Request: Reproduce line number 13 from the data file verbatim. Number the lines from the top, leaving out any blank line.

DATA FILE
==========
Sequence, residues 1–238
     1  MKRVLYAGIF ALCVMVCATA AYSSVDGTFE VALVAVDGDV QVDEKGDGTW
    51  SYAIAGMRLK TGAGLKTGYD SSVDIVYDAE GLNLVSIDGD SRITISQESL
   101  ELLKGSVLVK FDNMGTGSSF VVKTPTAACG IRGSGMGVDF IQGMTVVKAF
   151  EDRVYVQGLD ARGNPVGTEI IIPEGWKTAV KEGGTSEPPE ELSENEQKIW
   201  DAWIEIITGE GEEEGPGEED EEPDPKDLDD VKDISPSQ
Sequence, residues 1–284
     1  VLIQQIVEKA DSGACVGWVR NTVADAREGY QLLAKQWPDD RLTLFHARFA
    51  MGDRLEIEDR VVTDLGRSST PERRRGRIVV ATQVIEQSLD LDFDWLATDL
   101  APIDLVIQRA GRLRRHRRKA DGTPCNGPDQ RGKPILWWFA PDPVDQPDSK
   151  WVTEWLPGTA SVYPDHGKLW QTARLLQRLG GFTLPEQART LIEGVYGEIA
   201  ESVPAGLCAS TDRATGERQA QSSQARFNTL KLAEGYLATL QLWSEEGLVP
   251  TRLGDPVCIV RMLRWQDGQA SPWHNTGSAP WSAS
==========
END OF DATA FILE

   251  TRLGDPVCIV RMLRWQDGQA SPWHNTGSAP WSAS